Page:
Wednesday, 3 July 2013

Resonances: Noise and Contemporary Music published!

Resonances: Noise and Contemporary Music is about to be published by Bloomsbury, co-edited by Salford academics Drs Michael Goddard, Benjamin Halligan and Nicola Spelman. 

The book arises from the international conference held at Salford in Summer 2010, “Bigger than Words, Wider than Pictures: Noise, Affect, Politics”, and is the sister volume to Reverberations: The Philosophy, Aesthetics and Politics of Noise (published in 2012 by Bloomsbury-Continuum, co-edited by Michael Goddard, Benjamin Halligan and Paul Hegarty).

Authors include Salford Profs Sheila Whiteley ("Kick Out the Jams! Creative Anarchy and Noise in 1960s Rock") and George McKay ("To Be Played at Maximum Volume: Rock Music as a Disabling (Deafening) Culture") along and an international cast of academics, musicians, programmers and photographers. 

Full info:

From the Introduction:

Contemporary histories of popular Western musics may be more usefully
read as a series of debates concerning what, sonically and experientially,
actually constitutes music in the commonly understood way, and what then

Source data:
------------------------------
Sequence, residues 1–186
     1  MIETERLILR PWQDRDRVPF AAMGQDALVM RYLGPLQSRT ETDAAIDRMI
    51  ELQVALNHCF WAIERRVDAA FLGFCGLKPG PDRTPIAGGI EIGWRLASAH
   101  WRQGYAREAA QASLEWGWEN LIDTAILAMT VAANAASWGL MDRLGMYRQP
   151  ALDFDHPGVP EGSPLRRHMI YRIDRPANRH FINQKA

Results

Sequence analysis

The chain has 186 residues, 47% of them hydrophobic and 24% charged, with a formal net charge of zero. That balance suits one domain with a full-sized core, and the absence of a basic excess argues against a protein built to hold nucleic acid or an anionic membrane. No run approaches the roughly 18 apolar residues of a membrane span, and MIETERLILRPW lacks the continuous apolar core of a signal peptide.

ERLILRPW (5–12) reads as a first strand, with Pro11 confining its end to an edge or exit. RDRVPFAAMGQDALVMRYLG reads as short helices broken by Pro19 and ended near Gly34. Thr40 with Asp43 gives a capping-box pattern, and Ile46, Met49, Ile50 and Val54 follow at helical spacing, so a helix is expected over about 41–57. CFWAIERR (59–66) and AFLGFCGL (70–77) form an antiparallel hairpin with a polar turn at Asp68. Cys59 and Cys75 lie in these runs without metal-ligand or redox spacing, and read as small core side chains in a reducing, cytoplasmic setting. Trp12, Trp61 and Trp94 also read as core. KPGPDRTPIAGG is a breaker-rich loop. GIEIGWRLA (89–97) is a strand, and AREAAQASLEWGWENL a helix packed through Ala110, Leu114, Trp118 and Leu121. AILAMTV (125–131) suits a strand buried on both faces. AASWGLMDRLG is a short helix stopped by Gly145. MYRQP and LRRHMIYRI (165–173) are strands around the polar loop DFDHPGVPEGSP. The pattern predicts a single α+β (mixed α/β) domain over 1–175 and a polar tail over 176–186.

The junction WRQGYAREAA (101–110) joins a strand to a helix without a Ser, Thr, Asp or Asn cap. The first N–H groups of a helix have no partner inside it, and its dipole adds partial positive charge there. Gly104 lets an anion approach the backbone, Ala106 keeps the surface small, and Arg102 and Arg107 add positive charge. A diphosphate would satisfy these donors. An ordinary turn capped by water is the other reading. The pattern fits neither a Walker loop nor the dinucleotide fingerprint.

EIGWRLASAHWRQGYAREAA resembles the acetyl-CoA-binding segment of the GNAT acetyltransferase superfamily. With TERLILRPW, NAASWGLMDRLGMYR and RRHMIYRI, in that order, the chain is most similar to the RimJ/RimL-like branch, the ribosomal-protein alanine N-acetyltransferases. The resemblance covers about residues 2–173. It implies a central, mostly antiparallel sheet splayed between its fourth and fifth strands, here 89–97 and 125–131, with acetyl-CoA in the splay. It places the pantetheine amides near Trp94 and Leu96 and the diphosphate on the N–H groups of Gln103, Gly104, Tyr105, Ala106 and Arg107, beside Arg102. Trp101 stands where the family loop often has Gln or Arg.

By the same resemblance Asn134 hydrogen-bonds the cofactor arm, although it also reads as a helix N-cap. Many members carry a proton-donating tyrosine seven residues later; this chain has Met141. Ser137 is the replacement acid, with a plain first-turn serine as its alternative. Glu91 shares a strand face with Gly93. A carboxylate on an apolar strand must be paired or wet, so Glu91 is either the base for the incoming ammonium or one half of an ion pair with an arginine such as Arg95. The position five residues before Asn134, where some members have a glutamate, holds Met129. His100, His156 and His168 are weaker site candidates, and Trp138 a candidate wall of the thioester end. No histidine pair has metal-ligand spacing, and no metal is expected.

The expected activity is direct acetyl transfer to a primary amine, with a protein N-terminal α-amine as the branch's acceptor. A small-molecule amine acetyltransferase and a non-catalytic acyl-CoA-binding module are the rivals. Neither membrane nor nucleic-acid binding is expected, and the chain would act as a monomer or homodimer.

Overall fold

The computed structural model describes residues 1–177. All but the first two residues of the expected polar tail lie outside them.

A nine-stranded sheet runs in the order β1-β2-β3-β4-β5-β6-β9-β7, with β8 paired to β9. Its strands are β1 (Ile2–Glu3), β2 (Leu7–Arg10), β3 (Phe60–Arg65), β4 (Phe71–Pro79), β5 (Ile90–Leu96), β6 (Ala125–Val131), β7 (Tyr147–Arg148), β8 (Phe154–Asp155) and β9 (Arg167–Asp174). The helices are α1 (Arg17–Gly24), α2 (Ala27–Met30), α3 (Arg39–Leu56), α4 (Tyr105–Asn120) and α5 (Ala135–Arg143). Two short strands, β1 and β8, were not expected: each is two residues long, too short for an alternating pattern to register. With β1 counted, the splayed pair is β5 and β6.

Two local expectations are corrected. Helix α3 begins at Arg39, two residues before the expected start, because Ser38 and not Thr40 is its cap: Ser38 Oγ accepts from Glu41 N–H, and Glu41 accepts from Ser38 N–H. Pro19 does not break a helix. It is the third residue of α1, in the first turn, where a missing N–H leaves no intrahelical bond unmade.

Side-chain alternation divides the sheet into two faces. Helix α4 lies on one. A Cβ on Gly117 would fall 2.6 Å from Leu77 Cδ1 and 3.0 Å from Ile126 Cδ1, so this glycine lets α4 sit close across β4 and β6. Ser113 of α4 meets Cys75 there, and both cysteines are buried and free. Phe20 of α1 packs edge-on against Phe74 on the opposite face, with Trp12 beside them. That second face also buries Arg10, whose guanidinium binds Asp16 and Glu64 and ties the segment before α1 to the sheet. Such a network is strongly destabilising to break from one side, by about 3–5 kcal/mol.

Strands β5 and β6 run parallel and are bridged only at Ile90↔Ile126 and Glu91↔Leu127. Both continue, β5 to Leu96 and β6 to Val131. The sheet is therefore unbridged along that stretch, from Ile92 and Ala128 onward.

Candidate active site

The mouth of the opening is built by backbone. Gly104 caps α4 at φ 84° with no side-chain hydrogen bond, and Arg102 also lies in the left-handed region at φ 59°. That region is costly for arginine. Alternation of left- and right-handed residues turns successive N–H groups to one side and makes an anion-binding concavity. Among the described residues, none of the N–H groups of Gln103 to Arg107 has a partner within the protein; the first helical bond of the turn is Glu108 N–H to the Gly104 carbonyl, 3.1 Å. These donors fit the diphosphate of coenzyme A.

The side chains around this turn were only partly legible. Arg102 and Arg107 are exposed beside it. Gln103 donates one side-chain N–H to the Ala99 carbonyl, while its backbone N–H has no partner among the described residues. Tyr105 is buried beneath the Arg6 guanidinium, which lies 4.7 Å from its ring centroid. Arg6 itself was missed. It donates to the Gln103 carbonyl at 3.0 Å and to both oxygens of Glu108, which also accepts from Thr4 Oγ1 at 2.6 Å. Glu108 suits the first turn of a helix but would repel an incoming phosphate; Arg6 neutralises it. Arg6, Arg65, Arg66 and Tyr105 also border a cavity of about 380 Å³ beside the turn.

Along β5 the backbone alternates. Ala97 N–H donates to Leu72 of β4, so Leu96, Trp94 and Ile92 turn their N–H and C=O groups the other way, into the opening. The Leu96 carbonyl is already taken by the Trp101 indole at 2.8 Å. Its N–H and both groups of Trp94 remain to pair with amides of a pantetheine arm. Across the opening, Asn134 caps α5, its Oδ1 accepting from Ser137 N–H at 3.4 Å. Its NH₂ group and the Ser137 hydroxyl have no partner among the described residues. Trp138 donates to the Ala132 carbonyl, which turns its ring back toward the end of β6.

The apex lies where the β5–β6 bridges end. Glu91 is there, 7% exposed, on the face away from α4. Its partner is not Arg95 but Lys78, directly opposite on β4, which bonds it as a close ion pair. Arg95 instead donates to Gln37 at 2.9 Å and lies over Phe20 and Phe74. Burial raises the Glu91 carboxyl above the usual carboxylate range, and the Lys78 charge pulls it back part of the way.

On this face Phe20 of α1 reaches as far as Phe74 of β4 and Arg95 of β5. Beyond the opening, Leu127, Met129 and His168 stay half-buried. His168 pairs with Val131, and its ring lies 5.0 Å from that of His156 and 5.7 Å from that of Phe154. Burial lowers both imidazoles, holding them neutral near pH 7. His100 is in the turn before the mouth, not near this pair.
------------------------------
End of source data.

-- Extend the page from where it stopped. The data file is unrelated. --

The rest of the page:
constitutes, or can be termed as, and typically dismissed as, non-music.
Such debates are class-ridden, evidence racial prejudices and profiling,
continually undermine traditional musicological assumptions, radically
problematize the commercial framings of music, mark all pivotal shifts in
music across at least one hundred years, relentlessly advance the ‘death of
the author’, are called upon to define time, place and national identity, and
outmanoeuvre demarcations of high art and low culture. Answers provided
have formed the methodological foundations of the conservatoire as well as
journalistic and academic approaches to music, and now pull in their wake
a judicial apparatus of ownership, censorship and reparations.

Technologies have been calibrated to answers provided too: reproductions
of sound that invariably brag about ‘noise reduction’. Noise, to music,
is typically byproduct, accident, the unwanted, the unpleasant. And yet
noise is inevitable and imminent to music: that inexorable presence that
mixers and sound engineers do their best to exorcize, that gig-goers reflexively
block out, plugging fingers in ears, when it takes the form of feedback.
The exception that proves the rule in terms of contemporary music is folk:
‘natural’ sounds and pre-modern instruments (and, often, affectations) as
a respite from the noise of the real or urban world and the noise of the
musics that the real or urban world taints – a kind of bucolic, aristocratic
asceticism, and one that implicitly casts noise as detrimental to musical, and
human, interactions. 

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